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The Androgynous Human

The young Danish designer breaks the boundaries between the male and the female

Text by Rachel Walsh

Does Kristoffer Guldager Kongshaug know what it feels like for a girl? The young Dane’s graduate offering, The Androgynous Human, dresses a confused being, ensnared in the gender divide. He contrasts soft feathers and fur with iron and plastic knits. Japanese steam treatments and pyramid shoes give the boy-girl conflict a futuristic look. This is his first collection, set to debut at the Kolding School of Design’s BA show during Copenhagen Fashion Week in August.

DD: What inspired The Androgynous Human?
Kristoffer Guldager Kongshaug: I started out with Marilyn Manson as a muse. I was inspired by his song texts and the fashion elements of his videos. I had an idea that it had to be futuristic. Not that wearable but more a comment on not feeling like a man or a woman.

DD: Can you see women wearing this collection too?
Kristoffer Guldager Kongshaug: Some of the collection, absolutely, but I think people often mistake androgynous fashion for unisex fashion. Really, you can easily be a heterosexual guy and have a sexual life but feel like a woman inside.

DD: Tell me about the materials and techniques you employed.
Kristoffer Guldager Kongshaug: I used iron, 3-D materials, wool, fur, stretch jersey, mohair, a Japanese steam treatment called Shibuya which gives the material a 3-D look  and transparent materials such as plastic knitwear. These are materials which give the collection a lot of energy through their qualities.

DD: Would you wear the clothes yourself?
Kristoffer Guldager Kongshaug: Yes I would, some for everyday. But it is not important for me to make clothes for myself. The most important thing is to show what is possible and what isn’t.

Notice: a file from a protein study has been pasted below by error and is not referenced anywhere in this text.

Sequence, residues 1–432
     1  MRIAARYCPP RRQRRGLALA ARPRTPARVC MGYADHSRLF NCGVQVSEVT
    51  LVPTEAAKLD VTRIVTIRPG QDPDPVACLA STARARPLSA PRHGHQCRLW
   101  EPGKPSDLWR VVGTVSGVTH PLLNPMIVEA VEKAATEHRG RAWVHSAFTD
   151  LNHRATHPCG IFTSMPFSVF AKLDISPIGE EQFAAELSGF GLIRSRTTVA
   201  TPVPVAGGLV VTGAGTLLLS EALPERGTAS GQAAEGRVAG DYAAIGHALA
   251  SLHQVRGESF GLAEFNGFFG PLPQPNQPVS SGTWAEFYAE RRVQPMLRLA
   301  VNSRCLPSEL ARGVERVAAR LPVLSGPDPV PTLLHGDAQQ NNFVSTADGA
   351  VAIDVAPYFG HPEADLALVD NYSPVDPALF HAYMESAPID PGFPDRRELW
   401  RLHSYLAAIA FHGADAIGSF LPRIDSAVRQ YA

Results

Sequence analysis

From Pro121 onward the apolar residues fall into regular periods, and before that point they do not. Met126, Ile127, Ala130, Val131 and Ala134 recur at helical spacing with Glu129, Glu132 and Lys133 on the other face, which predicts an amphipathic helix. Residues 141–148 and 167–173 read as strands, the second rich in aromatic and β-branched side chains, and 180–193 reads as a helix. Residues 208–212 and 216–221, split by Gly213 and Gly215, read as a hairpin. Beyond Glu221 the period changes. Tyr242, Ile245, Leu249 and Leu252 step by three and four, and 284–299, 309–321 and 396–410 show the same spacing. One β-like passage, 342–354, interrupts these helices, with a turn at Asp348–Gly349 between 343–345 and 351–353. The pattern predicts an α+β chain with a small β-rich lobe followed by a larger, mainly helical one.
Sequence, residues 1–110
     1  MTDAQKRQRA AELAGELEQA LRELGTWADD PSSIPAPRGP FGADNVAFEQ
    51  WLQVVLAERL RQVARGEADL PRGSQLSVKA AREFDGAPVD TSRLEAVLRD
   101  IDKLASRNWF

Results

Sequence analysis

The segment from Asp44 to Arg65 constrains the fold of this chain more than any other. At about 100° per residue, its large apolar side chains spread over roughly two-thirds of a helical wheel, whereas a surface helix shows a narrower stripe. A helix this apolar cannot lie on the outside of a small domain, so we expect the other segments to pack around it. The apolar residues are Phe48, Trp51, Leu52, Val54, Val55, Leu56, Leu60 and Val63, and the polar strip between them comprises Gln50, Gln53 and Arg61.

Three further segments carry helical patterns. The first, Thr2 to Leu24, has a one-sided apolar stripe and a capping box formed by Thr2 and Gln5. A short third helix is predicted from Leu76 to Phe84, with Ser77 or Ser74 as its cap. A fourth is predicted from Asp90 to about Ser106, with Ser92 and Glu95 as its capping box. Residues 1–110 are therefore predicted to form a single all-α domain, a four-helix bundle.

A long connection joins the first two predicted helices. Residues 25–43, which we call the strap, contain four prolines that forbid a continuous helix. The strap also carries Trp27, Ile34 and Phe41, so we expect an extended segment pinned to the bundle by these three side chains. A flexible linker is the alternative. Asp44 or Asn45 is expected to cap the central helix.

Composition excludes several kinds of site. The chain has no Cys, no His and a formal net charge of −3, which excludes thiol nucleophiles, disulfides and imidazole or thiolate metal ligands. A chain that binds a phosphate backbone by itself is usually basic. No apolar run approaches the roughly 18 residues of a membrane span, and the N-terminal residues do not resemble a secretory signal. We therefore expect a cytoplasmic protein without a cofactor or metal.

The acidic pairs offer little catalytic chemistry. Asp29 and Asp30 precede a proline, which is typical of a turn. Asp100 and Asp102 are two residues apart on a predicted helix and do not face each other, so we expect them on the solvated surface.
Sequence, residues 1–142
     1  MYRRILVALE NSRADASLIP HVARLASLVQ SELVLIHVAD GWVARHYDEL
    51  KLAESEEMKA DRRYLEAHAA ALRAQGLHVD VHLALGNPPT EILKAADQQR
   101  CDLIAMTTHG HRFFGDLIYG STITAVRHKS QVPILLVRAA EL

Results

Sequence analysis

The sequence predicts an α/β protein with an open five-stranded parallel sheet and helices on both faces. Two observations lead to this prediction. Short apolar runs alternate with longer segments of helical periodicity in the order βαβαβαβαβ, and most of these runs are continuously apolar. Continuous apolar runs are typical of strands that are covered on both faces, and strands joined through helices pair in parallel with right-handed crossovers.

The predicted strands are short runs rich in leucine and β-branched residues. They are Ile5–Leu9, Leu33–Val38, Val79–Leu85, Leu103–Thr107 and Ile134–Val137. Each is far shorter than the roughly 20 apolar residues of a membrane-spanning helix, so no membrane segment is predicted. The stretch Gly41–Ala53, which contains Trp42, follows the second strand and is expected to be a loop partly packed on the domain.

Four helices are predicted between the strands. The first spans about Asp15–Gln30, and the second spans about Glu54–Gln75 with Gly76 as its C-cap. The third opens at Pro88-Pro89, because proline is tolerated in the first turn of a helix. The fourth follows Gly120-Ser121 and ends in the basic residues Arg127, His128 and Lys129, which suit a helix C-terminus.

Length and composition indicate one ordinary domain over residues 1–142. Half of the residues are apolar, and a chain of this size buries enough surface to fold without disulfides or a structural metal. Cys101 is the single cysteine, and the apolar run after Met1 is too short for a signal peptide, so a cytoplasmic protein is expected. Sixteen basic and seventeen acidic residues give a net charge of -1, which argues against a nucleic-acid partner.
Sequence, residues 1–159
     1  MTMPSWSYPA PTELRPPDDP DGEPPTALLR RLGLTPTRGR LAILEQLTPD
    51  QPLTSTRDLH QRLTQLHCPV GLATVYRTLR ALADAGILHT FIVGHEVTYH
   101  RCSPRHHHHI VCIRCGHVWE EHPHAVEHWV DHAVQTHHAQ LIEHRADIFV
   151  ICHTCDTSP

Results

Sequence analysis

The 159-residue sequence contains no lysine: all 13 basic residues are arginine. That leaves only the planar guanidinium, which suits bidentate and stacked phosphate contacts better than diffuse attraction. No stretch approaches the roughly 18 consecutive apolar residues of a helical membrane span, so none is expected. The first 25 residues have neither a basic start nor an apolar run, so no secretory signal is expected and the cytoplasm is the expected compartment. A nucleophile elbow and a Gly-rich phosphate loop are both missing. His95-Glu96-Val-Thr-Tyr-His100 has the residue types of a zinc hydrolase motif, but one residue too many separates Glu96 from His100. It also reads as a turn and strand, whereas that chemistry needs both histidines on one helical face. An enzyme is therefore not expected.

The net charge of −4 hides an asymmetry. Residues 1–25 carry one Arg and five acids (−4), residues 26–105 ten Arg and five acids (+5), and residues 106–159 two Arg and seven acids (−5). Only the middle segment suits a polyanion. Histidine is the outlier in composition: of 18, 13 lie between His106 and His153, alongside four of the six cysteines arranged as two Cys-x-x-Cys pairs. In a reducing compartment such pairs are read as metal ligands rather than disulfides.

DD: Why did you choose a monochrome colour palette?
Kristoffer Guldager Kongshaug: My choice of palette comes from another inspiration source, the writer and artist Günter Grass. He worked with surfaces a lot in his art, as well as the colours white, grey and black.

DD: Was it more important to make your first collection wearable or a statement?
Kristoffer Guldager Kongshaug: It was important for me to make a collection with a wide range of elements. I wanted to make a statement through showpieces, materials and techniques (handmade knitwear, Shibuya, 3D materials, iron, feathers) - but also some more basic elements, such as jeans, a blazer, tank tops and shirts.

DD: Tell me about the shoes.
Kristoffer Guldager Kongshaug: Günter Grass describes androgyny as an installation that human beings can’t get out of. You just stay in it and look at the world but can’t quite understand it because of this confusion about being a man or a woman, while in the same body. You’re just standing in the installation – which is your body – and you can’t move. That is the point of the shoes.

DD: They look like pyramids…
Kristoffer Guldager Kongshaug: That was also inspired by Marilyn Manson. The way he “made himself up” was to take Marilyn Monroe and Charles Manson and put the two together. This makes a triangle. I would be really sad if someone saw Marilyn Manson in my clothing, though. I just brought some elements of his universe into my work. I’m not making fashion for him.

DD: Who are you making fashion for?
Kristoffer Guldager Kongshaug: When I sit down to design I don’t have a specific person in mind. Maybe I will in time but I’m still developing. The person who buys my clothes would probably be very confident about his sexuality. They appeal to both heterosexuals and homosexuals. There are a lot of transparent materials which clearly show who you are and what you are.

DD: What’s next for you?
Kristoffer Guldager Kongshaug: I am starting my internship at Christian Dior womenswear after the summer.

DD: Will you continue working on your own collections?
Kristoffer Guldager Kongshaug: I’m going to concentrate on Dior and try to get as much out of it as possible. I’m really looking forward to starting there.

Kristoffer Guldager Kongshaug can be reached at

All Clothes By Kristoffer Guldager Kongshaug
Photographer: Jacob Keinicke
Model: Niklas Källman (Mikas model management, Stockholm)
Hair & Makeup: Malin Sixtensson
Assistant: Michael Roloff